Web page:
- The Washington Times - Sunday, November 7, 2021

BALTIMOREKirk Cousins, still in uniform, silently walked into the visitors’ locker room in the bowels of M&T Bank Stadium, following a trove of teammates in front of him. The Minnesota Vikings quarterback did not utter a word and his eyes barely glanced up from the path ahead. 

After all, there wasn’t much to say in the immediate moments following a 34-31 overtime loss to the Baltimore Ravens — even if this was the type of defeat that Cousins has suffered time and time again. 

“It’s never any one thing,” Cousins said from a lectern.

Cousins wasn’t directly responsible for Sunday’s loss to the Ravens, with the Vikings‘ defense giving up 500 yards to fall to 3-5 on the season. But he wasn’t completely absent of blame, either. The Vikings squandered a key opportunity in overtime when the offense went three-and-out, with Cousins throwing an incompletion on third and 9. 

Four seasons into the Cousins’ era with the Vikings, the conversation around the quarterback’s career hasn’t really changed since Cousins left Washington as a free agent in 2018. The former Redskins starter is still just as polarizing — only now it’s Minnesota’s fans, not Washington’s, that get to debate whether the quarterback is to blame for his team’s losing record, or if it’s the circumstances around him.

Against the Ravens, Cousins completed 17 of 28 passes for 187 yards and two touchdowns. The 33-year-old led an impressive game-tying touchdown drive with just over a minute left in regulation, but the Vikings ultimately blew a lead for the second straight week.  

In Baltimore, Minnesota led by as many as 14.

“We didn’t do enough offensively,” Cousins said. “Too many negative plays. Too many three-and-outs. Too many second and longs. Too many third and longs.”

It’s uncanny how much of the narrative has hardly changed, too. Here was a sample of headlines about Cousins over the past week: “Vikings coach Mike Zimmer needs Kirk Cousins and that $150 million arm to save a season,” “Colin Cowherd goes off on Kirk Cousins” and “Kirk Cousins and the $45 million question.”

Swap out the names and dollar figures and any of those articles likely could have been written any time between 2015 to 2017, the years when Cousins was Washington’s full-time starter. But Cousins has now been “The Guy” in Minnesota longer than holding the same role in Washington. Cousins, of course, was a part-time starter, mostly a backup, over the first three years of his career. 

In Minnesota, Cousins has been unable to change the perception that, while he‘s capable of gaudy stats, in the end, he‘s not a winner.

When it seemed like the narrative might finally start to change — after Cousins won a playoff game during the 2019 season — the quarterback followed up with a 7-9 record in 2020. The critics, if they ever left, returned.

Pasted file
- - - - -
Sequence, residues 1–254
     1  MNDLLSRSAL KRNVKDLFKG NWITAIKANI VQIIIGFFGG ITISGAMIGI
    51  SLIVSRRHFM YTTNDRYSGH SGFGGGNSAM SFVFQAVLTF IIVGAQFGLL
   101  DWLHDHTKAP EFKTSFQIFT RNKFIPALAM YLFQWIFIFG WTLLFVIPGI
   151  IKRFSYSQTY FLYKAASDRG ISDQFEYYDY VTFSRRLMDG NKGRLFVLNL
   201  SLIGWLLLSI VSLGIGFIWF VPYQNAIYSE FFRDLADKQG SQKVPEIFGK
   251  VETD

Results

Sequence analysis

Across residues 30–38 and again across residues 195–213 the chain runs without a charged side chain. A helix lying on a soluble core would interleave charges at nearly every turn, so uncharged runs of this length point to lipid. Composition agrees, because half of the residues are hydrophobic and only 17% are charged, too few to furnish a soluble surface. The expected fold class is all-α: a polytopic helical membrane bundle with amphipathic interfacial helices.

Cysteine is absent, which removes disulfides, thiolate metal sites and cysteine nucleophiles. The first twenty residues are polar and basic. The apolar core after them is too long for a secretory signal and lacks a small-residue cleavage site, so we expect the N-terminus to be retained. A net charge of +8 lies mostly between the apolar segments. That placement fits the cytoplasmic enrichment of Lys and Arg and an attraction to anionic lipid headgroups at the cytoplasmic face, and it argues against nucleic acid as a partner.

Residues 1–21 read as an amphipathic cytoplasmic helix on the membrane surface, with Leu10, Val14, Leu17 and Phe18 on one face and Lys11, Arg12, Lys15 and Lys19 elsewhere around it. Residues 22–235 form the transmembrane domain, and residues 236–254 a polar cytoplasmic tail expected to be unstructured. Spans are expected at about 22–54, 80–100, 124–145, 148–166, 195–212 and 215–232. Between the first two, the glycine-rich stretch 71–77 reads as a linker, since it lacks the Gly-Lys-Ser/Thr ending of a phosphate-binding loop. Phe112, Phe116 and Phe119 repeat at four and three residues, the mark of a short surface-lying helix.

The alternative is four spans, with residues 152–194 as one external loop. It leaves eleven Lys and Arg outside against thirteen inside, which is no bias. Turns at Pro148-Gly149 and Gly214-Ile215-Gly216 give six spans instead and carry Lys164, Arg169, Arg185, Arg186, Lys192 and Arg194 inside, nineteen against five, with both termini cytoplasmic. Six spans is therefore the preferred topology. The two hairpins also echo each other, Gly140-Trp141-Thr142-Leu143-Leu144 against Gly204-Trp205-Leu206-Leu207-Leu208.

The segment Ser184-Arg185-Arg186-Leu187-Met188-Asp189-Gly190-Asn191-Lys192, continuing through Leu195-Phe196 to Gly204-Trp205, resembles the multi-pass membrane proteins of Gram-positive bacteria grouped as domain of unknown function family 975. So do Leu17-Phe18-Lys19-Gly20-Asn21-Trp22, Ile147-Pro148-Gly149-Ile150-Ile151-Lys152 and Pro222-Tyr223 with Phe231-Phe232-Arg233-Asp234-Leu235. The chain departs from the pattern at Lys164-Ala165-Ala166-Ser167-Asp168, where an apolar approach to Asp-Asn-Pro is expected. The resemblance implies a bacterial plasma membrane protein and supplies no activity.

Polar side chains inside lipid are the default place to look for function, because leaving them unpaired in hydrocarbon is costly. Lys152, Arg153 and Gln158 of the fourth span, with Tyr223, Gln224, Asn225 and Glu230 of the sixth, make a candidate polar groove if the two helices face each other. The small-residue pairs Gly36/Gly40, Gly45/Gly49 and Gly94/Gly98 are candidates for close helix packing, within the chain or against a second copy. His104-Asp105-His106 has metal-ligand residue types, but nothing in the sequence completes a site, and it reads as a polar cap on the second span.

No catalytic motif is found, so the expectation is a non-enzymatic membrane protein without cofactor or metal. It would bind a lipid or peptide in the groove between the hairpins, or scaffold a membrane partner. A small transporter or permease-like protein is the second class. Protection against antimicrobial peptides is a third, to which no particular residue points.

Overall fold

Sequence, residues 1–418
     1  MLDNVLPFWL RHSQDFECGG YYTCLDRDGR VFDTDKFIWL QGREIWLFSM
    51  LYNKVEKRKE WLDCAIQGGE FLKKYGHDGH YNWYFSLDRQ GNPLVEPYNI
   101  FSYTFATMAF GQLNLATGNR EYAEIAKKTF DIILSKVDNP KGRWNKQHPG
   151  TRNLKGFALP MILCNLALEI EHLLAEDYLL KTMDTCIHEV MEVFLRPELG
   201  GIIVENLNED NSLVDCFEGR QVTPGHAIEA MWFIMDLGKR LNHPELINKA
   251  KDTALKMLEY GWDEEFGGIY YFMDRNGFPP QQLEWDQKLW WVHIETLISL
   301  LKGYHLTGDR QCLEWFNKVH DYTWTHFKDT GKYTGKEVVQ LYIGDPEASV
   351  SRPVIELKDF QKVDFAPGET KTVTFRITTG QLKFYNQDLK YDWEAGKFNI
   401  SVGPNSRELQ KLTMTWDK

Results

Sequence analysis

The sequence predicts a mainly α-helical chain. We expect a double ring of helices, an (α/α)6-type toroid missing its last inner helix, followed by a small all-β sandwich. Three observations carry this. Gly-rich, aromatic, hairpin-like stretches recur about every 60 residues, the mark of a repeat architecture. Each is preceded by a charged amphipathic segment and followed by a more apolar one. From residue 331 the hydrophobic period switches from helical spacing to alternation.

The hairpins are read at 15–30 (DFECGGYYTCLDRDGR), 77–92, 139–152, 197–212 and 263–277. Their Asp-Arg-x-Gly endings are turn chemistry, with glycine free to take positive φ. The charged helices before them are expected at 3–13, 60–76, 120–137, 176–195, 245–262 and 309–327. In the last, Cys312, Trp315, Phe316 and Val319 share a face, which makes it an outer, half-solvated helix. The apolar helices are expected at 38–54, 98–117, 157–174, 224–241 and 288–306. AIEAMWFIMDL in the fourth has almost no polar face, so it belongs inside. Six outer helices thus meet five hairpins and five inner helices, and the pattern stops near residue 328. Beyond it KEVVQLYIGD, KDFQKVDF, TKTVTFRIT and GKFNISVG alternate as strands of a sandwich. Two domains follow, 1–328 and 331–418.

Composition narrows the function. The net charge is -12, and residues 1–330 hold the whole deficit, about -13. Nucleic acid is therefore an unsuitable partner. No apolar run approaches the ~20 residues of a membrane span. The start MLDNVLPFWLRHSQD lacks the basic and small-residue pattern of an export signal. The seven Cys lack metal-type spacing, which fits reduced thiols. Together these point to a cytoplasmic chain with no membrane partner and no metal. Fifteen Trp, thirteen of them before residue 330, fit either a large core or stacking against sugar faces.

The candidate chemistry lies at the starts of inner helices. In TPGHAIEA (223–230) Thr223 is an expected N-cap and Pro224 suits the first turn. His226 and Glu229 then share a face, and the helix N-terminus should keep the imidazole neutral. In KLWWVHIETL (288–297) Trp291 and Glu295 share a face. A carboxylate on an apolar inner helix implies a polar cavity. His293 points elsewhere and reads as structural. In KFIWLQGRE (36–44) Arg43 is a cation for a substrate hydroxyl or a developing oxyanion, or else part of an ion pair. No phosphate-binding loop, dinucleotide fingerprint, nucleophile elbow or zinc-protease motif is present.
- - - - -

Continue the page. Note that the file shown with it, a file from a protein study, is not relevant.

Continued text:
Cousins rejects the idea that wins are a quarterback stat. And what makes the signal-caller fascinating to discuss is that there are legitimate reasons he shouldn’t be to blame for his team’s struggles. It’s not so black-and-white. 

Take Zimmer, Minnesota’s coach. In his eighth season with the Vikings, Zimmer finds himself on the hot seat due to a conservative approach and old-fashioned preference for running the ball. Likewise, Vikings offensive coordinator Klint Kubiak, the son of former Texans and Broncos coach Gary Kubiak, has come under scrutiny for his play-calling. 

Determined to get star running back Dalvin Cook more involved in the offense, the Vikings gave the two-time Pro Bowler 17 carries against Baltimore and Cook was productive with 110 yards. But that production was heavily skewed by gains of 66 and 24: Cook gained just 20 yards on his 15 other attempts. 

Zimmer, too, said he was “disappointed” in the series following Barr’s interception in overtime. Despite getting the ball back at their own 38, the Vikings gained just one yard and punted.

“You hope when you do (create a turnover), you get some momentum going,” Zimmer said. “Typically, you go down and score and we didn’t.”

Now, the frustration appears to be mounting. As Zimmer’s press conference concluded, the coach walked off and yelled to no one in particular, “Anything on nepotism yet?” It appears Zimmer was unhappy with a week-old Star Tribune column that blamed Zimmer for hiring Kubiak and Zimmer’s son, Adam, as co-defensive coordinator.

Cousins, in a way, is no stranger to nepotism controversies. When Cousins was a backup in Washington, former coach Mike Shanahan faced the same criticism for naming son Kyle the offensive coordinator. This, of course, was before Kyle was seen as one of the league’s brightest innovators. 

But, unlike then, Cousins is now a full-time starter. 

That’s changed, at least. 

“We have not done that enough at this point,” Cousins said.

Correction: This article has been updated to reflect Dalvin Cook’s correct yardage on his 15 other attempts.  

• Matthew Paras can be reached at mparas@washingtontimes.com.

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